For example, a 100-watt HID driving light is far more effective lighting up the road than a single 100-watt light bulb sitting on the bumper. The difference is in how the bulb’s light output is focused, which brings up another misleading marketing term: candlepower or candela.
Candlepower (aka candela) is an antiquated measurement of light output at the source (radiance) and has nothing to do with how that light illuminates an object.
Lumens, on the other hand, is a true measurement of a light’s efficiency at lighting up an object at a specified distance and is fast becoming the world standard for light comparisons. The higher the lumens, the more useable light being produced.
So when you find auxiliary lights to fit your needs that consume the same or less power, has similar design qualities, and delivers a higher lumen output than a comparable model, you know which to buy.—BWS
The inclusion and quality of the wiring kit supplied with the lights is also important. The better the kit, the less time you waste during installation or making repairs down the road.
Quality light kits provide everything needed to install the lights so they are wired properly.
Look for plug-and-play light kits that include pre-assembled wiring harnesses with relay, switch, and connectors already in place. Cheaper kits may only include the lights, leaving you to figure out the rest.
One thing you don’t want happening is auxiliary lights overloading the pickup’s electrical system; tripped circuit breakers, blown fuses and melted switches are just a tiny step away from a costly electrical fire.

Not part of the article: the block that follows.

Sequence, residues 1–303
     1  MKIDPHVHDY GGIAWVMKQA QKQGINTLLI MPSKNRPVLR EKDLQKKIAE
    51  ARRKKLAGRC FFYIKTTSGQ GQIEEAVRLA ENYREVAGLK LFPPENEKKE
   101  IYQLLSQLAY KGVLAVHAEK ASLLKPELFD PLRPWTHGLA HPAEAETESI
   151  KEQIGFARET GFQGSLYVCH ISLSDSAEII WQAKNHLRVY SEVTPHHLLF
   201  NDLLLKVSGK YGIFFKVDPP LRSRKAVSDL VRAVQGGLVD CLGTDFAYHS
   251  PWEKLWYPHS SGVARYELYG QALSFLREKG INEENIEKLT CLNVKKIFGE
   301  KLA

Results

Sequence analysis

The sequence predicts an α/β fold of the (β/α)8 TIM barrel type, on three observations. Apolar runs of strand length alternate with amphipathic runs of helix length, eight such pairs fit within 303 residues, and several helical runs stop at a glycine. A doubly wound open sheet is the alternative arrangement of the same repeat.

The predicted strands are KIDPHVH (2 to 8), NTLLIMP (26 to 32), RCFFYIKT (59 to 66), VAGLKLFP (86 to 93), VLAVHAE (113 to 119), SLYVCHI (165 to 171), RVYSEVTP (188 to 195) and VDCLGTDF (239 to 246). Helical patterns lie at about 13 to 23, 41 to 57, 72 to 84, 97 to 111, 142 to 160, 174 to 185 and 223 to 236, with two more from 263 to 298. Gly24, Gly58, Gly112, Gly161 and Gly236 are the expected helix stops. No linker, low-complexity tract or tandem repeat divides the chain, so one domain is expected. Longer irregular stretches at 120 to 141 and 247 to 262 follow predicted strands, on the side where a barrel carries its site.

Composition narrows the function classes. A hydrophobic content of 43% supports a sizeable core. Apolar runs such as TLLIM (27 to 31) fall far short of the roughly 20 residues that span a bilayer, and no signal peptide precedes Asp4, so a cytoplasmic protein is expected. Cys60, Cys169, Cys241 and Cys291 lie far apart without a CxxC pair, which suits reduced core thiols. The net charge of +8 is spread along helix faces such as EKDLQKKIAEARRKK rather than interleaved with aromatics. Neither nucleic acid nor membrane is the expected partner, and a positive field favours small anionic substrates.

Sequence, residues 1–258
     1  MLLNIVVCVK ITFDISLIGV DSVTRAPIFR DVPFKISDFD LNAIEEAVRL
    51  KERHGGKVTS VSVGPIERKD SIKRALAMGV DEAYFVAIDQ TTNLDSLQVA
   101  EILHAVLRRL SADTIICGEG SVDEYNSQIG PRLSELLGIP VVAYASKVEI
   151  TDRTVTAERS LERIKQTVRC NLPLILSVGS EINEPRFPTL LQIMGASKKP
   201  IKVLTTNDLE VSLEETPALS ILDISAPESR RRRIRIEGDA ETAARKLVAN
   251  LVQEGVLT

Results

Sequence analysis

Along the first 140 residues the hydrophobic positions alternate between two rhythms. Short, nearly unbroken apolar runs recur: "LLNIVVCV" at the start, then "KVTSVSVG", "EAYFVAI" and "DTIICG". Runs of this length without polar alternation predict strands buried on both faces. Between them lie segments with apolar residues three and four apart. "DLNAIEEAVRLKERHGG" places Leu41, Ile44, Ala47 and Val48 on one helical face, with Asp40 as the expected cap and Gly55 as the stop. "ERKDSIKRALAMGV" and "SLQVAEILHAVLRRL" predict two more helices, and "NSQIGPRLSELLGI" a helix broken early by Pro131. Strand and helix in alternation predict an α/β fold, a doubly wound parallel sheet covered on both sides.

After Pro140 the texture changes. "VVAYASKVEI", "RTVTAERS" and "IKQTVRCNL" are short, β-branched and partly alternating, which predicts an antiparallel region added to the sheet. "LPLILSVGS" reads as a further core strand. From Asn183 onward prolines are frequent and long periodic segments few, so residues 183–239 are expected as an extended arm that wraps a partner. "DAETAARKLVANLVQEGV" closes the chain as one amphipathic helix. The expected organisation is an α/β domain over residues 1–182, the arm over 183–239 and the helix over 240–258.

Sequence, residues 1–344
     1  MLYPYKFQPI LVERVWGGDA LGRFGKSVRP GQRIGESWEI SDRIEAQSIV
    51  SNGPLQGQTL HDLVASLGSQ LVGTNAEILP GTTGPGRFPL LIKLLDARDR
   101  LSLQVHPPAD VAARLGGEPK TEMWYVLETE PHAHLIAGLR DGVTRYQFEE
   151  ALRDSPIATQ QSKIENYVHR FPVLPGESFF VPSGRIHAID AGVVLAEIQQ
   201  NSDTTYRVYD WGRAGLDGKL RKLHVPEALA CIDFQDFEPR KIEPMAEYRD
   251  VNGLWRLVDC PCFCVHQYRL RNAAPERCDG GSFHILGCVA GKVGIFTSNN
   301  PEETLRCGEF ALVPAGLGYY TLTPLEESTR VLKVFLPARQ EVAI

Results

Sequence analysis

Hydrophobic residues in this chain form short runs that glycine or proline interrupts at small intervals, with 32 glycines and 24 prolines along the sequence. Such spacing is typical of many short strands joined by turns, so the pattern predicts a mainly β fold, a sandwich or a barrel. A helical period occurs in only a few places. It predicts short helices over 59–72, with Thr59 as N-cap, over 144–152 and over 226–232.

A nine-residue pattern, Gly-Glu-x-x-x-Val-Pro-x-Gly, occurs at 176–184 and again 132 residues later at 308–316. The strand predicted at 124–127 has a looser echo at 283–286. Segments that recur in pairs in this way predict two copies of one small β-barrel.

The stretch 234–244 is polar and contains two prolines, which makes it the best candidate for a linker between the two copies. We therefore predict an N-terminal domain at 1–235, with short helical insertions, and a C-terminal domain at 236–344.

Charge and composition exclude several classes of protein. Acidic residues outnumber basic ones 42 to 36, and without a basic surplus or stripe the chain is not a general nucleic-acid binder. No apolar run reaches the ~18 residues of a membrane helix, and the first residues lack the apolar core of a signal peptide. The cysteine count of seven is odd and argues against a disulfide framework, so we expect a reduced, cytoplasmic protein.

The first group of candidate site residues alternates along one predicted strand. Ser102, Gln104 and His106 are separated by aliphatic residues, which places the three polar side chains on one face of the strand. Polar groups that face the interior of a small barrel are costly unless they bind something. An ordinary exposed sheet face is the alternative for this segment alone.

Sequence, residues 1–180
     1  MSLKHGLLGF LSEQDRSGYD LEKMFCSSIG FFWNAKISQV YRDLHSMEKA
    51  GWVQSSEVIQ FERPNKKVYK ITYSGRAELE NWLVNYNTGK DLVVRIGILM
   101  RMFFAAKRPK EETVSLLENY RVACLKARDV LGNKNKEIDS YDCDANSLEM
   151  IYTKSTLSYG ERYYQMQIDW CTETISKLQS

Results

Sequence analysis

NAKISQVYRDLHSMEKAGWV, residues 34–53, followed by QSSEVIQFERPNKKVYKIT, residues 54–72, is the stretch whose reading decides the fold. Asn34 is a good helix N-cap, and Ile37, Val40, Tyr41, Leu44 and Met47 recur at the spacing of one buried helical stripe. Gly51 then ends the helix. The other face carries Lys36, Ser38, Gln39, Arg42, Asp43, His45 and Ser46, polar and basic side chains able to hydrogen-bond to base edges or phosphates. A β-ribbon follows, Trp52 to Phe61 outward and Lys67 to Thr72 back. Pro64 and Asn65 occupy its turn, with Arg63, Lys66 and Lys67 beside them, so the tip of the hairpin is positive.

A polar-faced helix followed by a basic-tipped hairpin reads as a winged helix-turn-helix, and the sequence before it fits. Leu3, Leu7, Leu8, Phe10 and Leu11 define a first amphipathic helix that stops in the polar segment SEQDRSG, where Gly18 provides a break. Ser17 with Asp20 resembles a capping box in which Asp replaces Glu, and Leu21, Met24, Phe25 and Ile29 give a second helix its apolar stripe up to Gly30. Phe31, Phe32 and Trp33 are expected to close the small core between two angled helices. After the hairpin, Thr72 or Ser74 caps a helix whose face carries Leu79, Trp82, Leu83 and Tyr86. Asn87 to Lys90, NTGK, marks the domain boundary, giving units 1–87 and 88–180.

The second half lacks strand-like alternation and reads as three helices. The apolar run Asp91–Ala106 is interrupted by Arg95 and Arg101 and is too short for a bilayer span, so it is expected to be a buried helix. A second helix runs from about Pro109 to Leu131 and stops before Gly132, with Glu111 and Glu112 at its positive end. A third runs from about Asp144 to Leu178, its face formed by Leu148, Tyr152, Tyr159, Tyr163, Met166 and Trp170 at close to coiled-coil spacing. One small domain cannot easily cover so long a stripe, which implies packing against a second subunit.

It’s also prudent to be smart about where you mount auxiliary lights. Mount them where they do the most good, and where possible, run the wiring inside racks and behind bumpers where the wires are protected. Don’t scrimp on the use of split-wire loom, either.
Placing driving lights above the cab looks all Baja-cool, but the high-mount positioning renders them almost worthless in snow, dust, rain or fog because their beams of intense light reflect off the moisture and right back into the your eyes. Keep driving lights at or below the headlights position.
Work lights, on the other hand, function best mounted up high. And if used as reverse lights, mounting them right into the tailgate or rear bumper works well.
Fog lights work best mounted in or on the bumper where their beam can cut just under that of the low-beam headlight’s pattern.
Also be conscientious toward your fellow drivers: Fog lights should be aimed so the beam is no higher than low-beam headlights and angled slightly to the left/right of center.
Driving lights should be aimed to match your pickup headlight’s high-beam and centered down the middle of the road for maximum efficiency.
You purchase quality work tools that last and you’ve spent a good bit of money on the pickup you’re driving. Do the same when you buy lights.
Leave the cheap plastic and pot-metal models to those who don’t depend on their pickups as part of their daily work needs.
Strong housings that will not rust or come apart under tough conditions are a must. So are lights with wiring kits made from heavy-duty components.
Check out the light’s warranty, too: The longer the warranty, the better the product.
Now that we’ve shed a little light on the topic of auxiliary lighting, we’ve included an assortment of the newest products to consider adding to your pickup – or fleet of pickups. Mix, match and enjoy the new view. (Click here to see the newest in auxiliary lights.) –Pro